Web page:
The Atlantic had offered him a contractual position following his internship, but he chose to work as an editor for the then-startup company, Culture 11. However, that was only for a brief time. After that, he took up a freelancing job and eventually decided to return to The Atlantic. He has been working as a Staff Writer at The Atlantic since January 2011, which he has held till today. At the magazine, he concentrates specifically on political and national issues, including campus politics. Regarding his freelance duties, he has worked as a writer, editor, new media consultant, writing coach and has been self-employed in the arena since 2002.
Furthermore, he is the founder and editor of The Best of Journalism, a newsletter dedicated to disseminating the best reads in the field.
Best of Journalism
When Friedersdorf was at Culture 11, he and his group of friends regularly met at Kramerbooks near Dupont Circle in DC to read and exchange opinions on a unique range of editorials. The structure of the meet resembled that of a magazine club. However, the meet was later discontinued due to personal and professional urges. But, the consistency in reading and searching insightful writings continued for Friedersdorf.
It inspired Friedersdorf to draft the Best of Journalism list, an endeavor in sharing good readings. The list of articles began as a collection of links of good reads in 2008. Eventually, the list secured a distribution outlet in reputed magazines, namely, The American Scene, True/Slant, and The Atlantic.
In 2010, Friedersdorf began releasing the list as a newsletter, dubbed Best of Journalism. His main goal was to provide readers with high-quality journalisms and readings.
Andrew Sullivan, a British-American author, editor, and blogger, launched The Daily Dish blog in 2000. In 2006, he broadened his site material by bringing the page to The Atlantic and Times.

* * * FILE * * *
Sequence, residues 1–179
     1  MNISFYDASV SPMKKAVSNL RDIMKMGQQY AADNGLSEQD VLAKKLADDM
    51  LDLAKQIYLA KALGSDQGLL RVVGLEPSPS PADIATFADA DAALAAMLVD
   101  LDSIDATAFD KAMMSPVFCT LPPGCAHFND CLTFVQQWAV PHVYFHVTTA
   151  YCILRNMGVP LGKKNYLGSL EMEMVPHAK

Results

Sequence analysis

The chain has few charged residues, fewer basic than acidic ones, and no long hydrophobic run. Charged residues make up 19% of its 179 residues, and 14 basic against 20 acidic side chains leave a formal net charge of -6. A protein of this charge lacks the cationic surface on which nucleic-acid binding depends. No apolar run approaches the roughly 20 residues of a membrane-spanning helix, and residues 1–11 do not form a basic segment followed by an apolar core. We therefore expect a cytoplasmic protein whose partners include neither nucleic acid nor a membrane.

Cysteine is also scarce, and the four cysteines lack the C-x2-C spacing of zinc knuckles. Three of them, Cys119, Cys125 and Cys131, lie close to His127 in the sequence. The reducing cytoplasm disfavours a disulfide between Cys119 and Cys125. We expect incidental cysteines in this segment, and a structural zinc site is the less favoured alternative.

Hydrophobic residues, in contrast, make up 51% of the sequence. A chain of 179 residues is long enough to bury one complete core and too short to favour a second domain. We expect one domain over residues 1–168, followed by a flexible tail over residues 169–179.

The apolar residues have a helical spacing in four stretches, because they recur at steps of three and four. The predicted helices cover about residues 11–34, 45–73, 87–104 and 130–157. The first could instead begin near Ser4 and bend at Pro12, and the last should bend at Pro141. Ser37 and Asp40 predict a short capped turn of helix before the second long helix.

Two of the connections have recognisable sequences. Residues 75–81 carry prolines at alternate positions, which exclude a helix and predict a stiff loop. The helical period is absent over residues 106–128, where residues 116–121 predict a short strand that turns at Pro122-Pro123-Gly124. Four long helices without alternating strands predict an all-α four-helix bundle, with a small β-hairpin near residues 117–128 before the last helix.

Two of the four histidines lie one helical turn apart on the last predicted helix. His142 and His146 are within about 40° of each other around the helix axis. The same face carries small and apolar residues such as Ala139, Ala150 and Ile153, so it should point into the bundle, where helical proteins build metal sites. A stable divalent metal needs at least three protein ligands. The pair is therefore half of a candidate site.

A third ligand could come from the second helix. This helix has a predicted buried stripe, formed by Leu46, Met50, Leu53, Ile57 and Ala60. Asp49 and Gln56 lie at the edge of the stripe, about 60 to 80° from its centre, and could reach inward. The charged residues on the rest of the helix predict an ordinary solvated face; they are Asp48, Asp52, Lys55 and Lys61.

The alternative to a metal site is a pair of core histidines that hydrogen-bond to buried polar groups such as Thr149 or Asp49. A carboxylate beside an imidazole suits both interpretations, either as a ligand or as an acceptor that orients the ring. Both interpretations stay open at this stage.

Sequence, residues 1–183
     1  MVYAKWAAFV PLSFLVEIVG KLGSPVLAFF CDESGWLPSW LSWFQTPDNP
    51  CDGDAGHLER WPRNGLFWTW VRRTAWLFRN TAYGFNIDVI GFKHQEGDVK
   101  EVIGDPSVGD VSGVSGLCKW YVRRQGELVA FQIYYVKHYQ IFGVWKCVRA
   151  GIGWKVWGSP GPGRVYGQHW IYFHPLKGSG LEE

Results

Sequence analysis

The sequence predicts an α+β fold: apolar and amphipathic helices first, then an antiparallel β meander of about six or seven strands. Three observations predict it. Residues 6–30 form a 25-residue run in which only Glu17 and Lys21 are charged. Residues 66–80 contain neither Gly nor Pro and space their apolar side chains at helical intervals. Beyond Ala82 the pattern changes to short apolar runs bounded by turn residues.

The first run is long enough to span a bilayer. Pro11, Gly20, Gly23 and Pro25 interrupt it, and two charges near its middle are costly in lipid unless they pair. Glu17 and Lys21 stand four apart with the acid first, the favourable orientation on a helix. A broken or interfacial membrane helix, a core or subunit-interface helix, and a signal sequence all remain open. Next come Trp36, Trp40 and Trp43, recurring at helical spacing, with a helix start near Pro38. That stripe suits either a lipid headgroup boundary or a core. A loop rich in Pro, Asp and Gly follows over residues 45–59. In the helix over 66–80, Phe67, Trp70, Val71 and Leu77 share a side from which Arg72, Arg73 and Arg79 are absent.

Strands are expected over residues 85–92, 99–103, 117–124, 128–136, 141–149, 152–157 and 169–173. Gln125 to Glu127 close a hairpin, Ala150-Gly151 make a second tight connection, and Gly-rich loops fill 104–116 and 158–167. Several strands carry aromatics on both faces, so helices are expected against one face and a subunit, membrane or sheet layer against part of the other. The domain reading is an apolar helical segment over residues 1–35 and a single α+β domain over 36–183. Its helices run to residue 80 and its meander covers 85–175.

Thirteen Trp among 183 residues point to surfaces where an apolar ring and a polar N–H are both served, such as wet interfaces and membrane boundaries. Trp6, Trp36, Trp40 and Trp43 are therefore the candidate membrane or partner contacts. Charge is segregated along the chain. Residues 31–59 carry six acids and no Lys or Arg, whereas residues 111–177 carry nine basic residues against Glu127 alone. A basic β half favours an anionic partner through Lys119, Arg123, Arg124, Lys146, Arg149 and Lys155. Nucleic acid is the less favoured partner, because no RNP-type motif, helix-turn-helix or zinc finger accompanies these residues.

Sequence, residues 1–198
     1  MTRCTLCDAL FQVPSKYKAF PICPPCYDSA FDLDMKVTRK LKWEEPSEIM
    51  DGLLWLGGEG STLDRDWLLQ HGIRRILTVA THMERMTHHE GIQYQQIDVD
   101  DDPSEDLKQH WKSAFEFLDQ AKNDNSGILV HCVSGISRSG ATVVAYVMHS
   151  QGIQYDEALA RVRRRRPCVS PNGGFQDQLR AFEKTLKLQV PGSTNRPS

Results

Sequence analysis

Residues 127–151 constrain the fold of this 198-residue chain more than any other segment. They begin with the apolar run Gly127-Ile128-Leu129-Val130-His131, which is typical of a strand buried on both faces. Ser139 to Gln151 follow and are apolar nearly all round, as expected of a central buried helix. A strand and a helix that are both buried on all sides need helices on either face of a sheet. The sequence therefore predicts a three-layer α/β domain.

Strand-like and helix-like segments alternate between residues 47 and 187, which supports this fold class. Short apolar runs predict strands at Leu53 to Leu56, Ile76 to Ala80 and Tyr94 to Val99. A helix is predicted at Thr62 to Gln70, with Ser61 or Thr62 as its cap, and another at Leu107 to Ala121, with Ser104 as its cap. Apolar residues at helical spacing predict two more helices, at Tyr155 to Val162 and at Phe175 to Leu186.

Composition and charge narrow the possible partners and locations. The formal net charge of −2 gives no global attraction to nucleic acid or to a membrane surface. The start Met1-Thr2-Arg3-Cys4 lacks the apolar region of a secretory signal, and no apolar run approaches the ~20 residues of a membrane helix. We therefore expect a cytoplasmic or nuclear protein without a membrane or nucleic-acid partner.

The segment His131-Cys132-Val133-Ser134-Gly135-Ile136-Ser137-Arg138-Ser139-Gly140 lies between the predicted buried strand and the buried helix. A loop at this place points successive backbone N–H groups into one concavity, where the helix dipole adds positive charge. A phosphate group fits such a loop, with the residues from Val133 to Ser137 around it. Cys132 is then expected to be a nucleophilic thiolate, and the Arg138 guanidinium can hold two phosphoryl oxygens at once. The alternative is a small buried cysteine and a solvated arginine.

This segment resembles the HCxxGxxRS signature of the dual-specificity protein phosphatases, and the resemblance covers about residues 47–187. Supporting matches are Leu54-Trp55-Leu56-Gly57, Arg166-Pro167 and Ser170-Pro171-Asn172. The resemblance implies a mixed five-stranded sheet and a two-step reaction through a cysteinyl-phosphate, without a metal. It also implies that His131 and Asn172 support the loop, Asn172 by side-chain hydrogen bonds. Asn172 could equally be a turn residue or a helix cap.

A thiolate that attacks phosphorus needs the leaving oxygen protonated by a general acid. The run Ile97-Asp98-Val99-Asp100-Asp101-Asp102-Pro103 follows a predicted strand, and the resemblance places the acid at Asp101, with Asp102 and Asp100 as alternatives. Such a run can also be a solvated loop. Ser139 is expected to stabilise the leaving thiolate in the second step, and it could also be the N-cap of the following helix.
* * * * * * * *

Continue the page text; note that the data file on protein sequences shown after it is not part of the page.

Friedersdorf formerly worked as an intern on the blog page while at The Atlantic before being promoted to senior editor in 2010. As a senior editor, Friedersdorf was in charge of under-blogging both the good and bad sides of conservative ideologies and activities. He focused on the moral decay of the conservative movement and signs of economic recovery due to the resurgence of conservative policy.
Besides The Daily Dish, Friedersdorf has also written on reputed magazines like American Scene, Forbes, Daily Beast, and the late True/Slant.
The two journalists, Conor Friedersdorf and Issac Bailey are well-known for their Twitter arguments. However, they both spar amicably, as opposed to the violent squabbles. Friedersdorf is a conservative, whereas Bailey is progressive, and their arguments are based on this contrast.
Nonetheless, there were domains where the two agreed upon each other's perspectives. For instance, Bailey had put up a tweet chastising a prosecutor in Georgia for pursuing the death sentence for the culprit in the Atlanta spa shootings. Friedersdorf agreed and retweeted it with his personal opinions and experiences.
Friedersdorf penned the book 'Meeting Triumph and Disaster: How Milton Shedd helped to win World War II, found Sea World, conserve his beloved ocean, and pass on the values that fueled his success,' and published it on 15 December 2016. In the book, Friedersdorf gives the most detailed explanation of how SeaWorld came. The book also explains how Shedd's passion for water motivated him to create a groundbreaking nonprofit committed to marine research and protection.